Partnerships for environmental and occupational justice: contributions to research, capacity and public health.
Baron-S; Sinclair-R; Payne-Sturges-D; Phelps-J; Zenick-H; Collman-GW; O'Fallon-LR
Am J Publ Health 2009 Nov; 99(S3):S517-S525
In 1994, the National Institute of Environmental Health Sciences (NIEHS) initiated a program to address communication gaps between community residents, researchers and health care providers in the context of disproportionate environmental exposures. Over 13 years, together with the Environmental Protection Agency and National Institute for Occupational Health and Safety, NIEHS funded 54 environmental justice projects. Here we examine the methods used and outcomes produced based on data gathered from summaries submitted for annual grantees' meetings. Data highlight how projects fulfilled program objectives of improving community awareness and capacity and the positive public health and public policy outcomes achieved. Our findings underscore the importance of community participation in developing effective, culturally sensitive interventions and emphasize the importance of systematic program planning and evaluation.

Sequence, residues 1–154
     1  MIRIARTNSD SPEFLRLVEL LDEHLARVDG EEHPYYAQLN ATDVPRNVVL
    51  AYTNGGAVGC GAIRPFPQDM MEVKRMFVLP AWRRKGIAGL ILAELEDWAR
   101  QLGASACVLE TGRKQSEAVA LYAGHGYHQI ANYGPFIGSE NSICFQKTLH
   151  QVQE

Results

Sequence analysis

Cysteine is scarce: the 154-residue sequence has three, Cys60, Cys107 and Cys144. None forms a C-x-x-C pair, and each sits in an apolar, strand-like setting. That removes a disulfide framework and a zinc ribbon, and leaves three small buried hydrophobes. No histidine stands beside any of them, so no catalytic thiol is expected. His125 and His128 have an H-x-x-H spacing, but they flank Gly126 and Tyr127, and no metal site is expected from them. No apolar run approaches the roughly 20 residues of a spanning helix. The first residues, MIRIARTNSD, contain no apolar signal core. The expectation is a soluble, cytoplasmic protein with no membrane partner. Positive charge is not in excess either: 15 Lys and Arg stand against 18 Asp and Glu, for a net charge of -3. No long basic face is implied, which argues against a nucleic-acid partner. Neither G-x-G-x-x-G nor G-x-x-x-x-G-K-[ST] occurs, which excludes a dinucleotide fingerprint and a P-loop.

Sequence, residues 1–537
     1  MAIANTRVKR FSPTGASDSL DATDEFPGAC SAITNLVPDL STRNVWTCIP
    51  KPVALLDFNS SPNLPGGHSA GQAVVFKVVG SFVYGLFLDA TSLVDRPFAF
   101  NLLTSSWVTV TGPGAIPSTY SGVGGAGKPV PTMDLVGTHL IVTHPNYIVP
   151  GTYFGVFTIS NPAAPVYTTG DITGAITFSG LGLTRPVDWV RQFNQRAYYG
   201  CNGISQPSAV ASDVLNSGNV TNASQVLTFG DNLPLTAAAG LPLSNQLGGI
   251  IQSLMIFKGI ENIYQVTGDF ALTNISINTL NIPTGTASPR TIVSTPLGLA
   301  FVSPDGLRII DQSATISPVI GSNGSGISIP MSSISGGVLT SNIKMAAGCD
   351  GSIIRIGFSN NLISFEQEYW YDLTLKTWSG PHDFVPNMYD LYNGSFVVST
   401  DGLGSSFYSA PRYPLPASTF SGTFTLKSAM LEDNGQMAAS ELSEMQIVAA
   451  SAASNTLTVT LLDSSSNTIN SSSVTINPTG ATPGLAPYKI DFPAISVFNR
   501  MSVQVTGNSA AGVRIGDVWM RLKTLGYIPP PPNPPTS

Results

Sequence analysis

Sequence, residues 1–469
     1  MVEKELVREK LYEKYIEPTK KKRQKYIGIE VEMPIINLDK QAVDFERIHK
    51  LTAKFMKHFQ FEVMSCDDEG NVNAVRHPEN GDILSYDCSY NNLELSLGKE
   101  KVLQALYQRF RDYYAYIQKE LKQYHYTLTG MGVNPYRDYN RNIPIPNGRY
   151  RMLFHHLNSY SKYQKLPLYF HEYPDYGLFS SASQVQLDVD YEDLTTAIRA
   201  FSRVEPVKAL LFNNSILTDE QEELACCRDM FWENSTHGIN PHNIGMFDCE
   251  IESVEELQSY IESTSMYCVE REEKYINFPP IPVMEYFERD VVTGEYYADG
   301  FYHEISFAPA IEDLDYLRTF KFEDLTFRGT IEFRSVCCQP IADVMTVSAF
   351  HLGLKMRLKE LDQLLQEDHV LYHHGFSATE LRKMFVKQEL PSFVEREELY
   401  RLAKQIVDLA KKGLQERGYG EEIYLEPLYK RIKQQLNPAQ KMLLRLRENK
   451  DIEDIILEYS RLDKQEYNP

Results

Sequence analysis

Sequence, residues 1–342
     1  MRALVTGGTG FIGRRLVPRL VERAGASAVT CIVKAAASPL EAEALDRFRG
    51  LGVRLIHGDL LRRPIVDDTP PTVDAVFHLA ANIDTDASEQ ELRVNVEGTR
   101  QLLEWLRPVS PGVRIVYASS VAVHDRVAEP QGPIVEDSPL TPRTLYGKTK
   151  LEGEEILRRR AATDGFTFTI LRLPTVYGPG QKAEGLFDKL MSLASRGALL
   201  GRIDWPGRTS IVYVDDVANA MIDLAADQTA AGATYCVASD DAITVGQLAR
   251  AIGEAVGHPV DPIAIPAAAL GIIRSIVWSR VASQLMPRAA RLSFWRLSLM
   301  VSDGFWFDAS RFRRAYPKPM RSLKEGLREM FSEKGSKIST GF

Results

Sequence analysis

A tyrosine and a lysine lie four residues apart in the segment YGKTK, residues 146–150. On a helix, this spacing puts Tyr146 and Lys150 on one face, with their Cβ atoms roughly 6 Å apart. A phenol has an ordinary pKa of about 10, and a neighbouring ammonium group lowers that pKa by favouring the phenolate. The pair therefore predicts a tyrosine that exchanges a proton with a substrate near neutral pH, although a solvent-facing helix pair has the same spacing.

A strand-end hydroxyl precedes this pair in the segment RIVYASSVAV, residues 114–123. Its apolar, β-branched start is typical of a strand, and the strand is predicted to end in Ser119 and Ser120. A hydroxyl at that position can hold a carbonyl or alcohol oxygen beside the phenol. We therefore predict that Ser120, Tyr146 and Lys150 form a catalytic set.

Control-methods; Environmental-exposure; Environmental-health; Exposure-assessment; Exposure-levels; Exposure-methods; Health-care-personnel; Public-health; Racial-factors; Risk-analysis; Sociological-factors; Work-environment; Worker-health; Work-operations; Workplace-studies; Work-practices; Surveillance-programs
Sherry Baron, MD, MPH, National Institute for Occupational Safety and Health, DSHEFS, 4676 Columbia Parkway, R-17, Cincinnati, OH 45226
American Journal of Public Health